• Water Relations in Soils as Related to Plant Communities in Ruby Valley, Nevada

      Miller, R. F.; Branson, F. A.; McQueen, I. S.; Snyder, C. T. (Society for Range Management, 1982-07-01)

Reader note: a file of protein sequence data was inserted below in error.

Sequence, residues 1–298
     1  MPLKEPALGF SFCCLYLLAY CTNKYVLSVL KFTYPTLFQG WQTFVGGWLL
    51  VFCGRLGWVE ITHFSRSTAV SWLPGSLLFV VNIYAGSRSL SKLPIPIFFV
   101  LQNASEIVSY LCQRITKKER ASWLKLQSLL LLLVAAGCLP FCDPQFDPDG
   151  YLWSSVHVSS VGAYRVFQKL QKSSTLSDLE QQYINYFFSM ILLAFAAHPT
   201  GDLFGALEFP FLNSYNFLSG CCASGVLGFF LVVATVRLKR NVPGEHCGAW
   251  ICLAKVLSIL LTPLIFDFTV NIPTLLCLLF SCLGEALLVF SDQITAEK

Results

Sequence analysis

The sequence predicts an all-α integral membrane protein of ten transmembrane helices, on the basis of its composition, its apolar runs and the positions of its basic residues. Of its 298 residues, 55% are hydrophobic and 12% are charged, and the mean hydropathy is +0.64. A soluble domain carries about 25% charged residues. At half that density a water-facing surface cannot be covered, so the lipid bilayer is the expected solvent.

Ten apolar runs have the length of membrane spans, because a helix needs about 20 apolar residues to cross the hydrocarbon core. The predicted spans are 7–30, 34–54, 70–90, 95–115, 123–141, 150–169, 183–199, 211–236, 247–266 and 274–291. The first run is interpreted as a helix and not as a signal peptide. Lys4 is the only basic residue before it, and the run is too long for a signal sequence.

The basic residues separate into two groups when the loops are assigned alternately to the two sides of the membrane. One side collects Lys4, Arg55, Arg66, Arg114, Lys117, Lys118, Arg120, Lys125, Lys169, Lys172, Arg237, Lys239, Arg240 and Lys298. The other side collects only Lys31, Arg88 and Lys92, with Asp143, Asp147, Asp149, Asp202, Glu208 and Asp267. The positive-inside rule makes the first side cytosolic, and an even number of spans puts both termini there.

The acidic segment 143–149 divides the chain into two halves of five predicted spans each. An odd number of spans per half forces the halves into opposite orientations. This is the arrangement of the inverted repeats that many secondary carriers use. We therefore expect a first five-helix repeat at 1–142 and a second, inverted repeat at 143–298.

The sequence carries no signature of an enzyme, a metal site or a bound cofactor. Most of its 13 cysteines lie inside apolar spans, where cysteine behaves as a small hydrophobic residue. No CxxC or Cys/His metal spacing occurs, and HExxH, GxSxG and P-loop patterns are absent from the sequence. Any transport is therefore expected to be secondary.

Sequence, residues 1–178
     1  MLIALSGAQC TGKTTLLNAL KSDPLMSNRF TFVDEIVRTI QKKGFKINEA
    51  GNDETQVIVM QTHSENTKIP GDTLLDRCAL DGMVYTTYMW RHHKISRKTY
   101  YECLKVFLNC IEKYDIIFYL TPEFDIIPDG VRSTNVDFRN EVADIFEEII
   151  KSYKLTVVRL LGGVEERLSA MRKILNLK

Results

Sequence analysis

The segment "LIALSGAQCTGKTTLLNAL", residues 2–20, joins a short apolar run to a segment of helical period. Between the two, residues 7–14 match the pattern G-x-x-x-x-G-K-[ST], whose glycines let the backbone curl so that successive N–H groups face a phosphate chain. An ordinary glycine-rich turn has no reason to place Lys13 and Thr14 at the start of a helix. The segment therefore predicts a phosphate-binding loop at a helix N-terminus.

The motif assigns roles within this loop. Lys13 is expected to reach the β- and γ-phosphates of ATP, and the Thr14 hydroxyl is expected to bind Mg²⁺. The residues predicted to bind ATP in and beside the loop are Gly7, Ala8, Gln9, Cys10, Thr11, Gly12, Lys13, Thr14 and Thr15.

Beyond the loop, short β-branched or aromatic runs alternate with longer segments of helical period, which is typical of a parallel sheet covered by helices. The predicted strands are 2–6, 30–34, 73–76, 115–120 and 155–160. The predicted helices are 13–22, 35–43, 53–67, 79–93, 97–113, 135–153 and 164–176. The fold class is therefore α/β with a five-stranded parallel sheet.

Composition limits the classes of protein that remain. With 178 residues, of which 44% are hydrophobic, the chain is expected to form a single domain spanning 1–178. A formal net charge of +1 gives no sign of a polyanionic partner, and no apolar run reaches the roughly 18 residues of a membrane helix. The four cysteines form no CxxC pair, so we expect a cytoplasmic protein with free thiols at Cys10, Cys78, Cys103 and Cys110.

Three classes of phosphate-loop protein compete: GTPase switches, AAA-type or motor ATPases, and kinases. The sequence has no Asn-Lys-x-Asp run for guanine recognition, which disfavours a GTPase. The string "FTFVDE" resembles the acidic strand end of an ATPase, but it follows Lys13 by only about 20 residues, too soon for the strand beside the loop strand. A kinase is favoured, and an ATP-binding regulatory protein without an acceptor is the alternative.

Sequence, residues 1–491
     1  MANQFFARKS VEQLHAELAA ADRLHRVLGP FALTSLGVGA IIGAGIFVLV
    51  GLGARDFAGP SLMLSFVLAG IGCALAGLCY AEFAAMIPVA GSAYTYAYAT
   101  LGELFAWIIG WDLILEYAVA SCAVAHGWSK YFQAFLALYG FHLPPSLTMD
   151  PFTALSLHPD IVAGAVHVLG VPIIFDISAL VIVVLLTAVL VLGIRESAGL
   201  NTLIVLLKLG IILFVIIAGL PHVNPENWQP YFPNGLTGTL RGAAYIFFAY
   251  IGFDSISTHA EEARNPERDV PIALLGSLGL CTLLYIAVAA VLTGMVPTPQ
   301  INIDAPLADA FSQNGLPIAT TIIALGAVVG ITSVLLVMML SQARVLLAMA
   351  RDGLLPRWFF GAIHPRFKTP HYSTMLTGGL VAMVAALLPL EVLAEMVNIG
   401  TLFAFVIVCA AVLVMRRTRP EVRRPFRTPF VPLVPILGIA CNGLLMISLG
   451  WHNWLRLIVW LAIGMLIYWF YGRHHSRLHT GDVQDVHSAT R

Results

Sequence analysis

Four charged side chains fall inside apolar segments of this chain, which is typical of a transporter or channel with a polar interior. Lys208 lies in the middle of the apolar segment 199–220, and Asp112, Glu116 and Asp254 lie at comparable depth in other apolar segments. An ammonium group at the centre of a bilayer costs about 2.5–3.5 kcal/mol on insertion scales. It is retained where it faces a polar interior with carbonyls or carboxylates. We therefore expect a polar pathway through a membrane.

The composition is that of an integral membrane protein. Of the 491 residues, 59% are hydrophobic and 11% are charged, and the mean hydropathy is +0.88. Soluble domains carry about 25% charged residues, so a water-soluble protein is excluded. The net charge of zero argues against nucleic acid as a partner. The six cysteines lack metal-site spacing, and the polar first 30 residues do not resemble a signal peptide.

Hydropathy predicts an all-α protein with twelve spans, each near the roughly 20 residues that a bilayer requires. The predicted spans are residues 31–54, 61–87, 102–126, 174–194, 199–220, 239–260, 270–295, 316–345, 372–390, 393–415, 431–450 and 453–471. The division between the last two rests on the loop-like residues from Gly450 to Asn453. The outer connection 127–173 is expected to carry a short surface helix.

Distinct patterns of vegetation on ancient lake sediments in Ruby Valley, Nev., define differences in soil-water-plant relations resulting either from differences in depth to ground water or from differences in water-retention capacities of soils deriving water only from precipitation. In order of increasing depth to ground water, dominant plant species are Juncus balticus, Distichlis stricta, Potentilla fruticosa, Elymus cinereus, Sarcobatus vermiculatus, and Chrysothamnus nauseosus. Dominant species on soils in order of increasing water-retention capacity are Artemesia tridentada nova, Chrysothamnus viscidiflorous pumilus, Ceratoides lanata, Artemesia tridentada tridentada, Atriplex nuttallii gardneri, and Atriplex confertifolia. Minimum and maximum levels of soil-water stress measured were systematically related to water-retention capacities of soils. A relationship was defined that permits approximation of amounts of water evapotranspired by different plant communities from percent of area under live plant cover. There are separate relationships, relating plant cover to amounts of plant stress or to amount of water evapotranspired, for habitats that receive water from the water table and those that do not. Levels of osmotic stress encountered in surface soils appear to influence plant-community distribution.